Business Economy 20 Nov 2019 Jammu and Kashmir ba ...

Jammu and Kashmir ban caused more than USD 1 billion loss: KCCI

DECCAN CHRONICLE. | ZEBA SIDDIQUI
Published Nov 20, 2019, 1:47 am IST
Updated Nov 20, 2019, 12:47 pm IST
The clampdown has hit tourism as well as farming, horticulture and the arts and crafts that contribute the most.
 India turned its erstwhile state of Jammu and Kashmir into a federally-controlled territory, tightening control in a shock move it said would rein in militancy in the region also claimed by neighbouring Pakistan, and promote its development.
  India turned its erstwhile state of Jammu and Kashmir into a federally-controlled territory, tightening control in a shock move it said would rein in militancy in the region also claimed by neighbouring Pakistan, and promote its development.

Srinagar: Economic losses in Kashmir have run well over a billion dollars since India revoked its autonomy and statehood in August, the main trade body in the Himalayan region said, adding that it planned to sue the government for damages.

India turned its erstwhile state of Jammu and Kashmir into a federally-controlled territory, tightening control in a shock move it said would rein in militancy in the region also claimed by neighbouring Pakistan, and promote its development.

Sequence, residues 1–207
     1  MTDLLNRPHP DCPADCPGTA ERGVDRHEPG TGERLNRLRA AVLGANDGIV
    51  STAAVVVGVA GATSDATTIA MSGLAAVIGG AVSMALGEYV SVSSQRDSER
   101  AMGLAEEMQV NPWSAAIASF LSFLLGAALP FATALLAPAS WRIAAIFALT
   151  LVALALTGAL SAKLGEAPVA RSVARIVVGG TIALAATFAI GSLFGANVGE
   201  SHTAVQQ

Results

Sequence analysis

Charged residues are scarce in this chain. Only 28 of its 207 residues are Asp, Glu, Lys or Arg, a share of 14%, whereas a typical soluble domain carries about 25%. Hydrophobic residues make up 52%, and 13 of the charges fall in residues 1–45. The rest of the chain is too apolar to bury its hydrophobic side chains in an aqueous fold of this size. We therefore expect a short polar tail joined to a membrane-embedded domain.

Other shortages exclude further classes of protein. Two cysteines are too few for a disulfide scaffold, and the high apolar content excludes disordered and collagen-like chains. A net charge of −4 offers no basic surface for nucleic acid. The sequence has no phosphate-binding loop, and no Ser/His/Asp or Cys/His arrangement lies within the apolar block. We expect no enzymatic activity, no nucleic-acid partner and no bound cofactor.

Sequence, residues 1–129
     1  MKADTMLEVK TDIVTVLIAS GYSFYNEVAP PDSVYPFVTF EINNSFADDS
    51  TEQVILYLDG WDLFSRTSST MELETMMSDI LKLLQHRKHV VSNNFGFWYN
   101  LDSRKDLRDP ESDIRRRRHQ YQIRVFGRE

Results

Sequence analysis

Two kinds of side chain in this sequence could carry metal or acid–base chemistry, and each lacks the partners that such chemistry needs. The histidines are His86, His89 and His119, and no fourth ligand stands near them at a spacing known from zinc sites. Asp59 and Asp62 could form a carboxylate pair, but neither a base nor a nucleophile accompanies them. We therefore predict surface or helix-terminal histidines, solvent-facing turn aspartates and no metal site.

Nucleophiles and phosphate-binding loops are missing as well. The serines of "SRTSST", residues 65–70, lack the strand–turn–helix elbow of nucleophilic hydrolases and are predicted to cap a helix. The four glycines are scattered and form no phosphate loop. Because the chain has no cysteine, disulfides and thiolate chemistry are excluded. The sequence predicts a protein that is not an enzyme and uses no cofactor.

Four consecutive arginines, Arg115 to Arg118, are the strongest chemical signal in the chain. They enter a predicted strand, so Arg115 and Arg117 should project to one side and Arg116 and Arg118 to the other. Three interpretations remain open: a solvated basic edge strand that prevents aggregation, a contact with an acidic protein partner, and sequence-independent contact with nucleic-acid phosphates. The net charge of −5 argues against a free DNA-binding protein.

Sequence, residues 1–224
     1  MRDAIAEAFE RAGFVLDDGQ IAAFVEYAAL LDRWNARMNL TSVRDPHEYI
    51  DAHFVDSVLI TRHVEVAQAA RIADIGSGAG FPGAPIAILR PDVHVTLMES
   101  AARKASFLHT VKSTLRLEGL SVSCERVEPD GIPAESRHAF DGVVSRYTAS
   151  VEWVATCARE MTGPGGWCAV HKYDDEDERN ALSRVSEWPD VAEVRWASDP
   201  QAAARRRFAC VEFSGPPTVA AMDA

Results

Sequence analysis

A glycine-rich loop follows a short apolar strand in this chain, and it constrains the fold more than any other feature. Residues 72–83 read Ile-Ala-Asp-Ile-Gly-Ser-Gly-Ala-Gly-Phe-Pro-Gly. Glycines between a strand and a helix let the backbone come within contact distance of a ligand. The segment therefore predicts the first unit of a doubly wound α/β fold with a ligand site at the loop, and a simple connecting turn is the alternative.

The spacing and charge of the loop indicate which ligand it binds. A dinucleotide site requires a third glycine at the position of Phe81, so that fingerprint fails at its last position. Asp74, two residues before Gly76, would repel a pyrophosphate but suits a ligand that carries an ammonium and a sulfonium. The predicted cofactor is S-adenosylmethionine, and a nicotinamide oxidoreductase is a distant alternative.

But the Kashmir Chamber of Commerce and Industry (KCCI) said development was elusive, thanks to a protracted shutdown after people closed markets and businesses as a mark of protest, and for fear of reprisals from insurgents.

It estimated economic losses ran into least Rs 10,000 crore ($1.40 billion) by September, but now exceeded that, said Nasir Khan, its Senior Vice President.

“We’ll ask the court to appoint an external agency to assess the losses, because it is beyond us,” said Khan, adding that telecoms blackout in the region meant the body could not reach business owners by telephone to prepare estimates. Instead, it had to send staff to meet them and gather details.

India’s Home Ministry and local government officials did not respond to requests for comment.

The clampdown has hit tourism as well as farming, horticulture and the arts and crafts that contribute the most to its export-oriented economy.

“I don’t see any stability for many months here,” said Vivek Wazir, who runs a hotel in Srinagar. “There’s too much uncertainty.”

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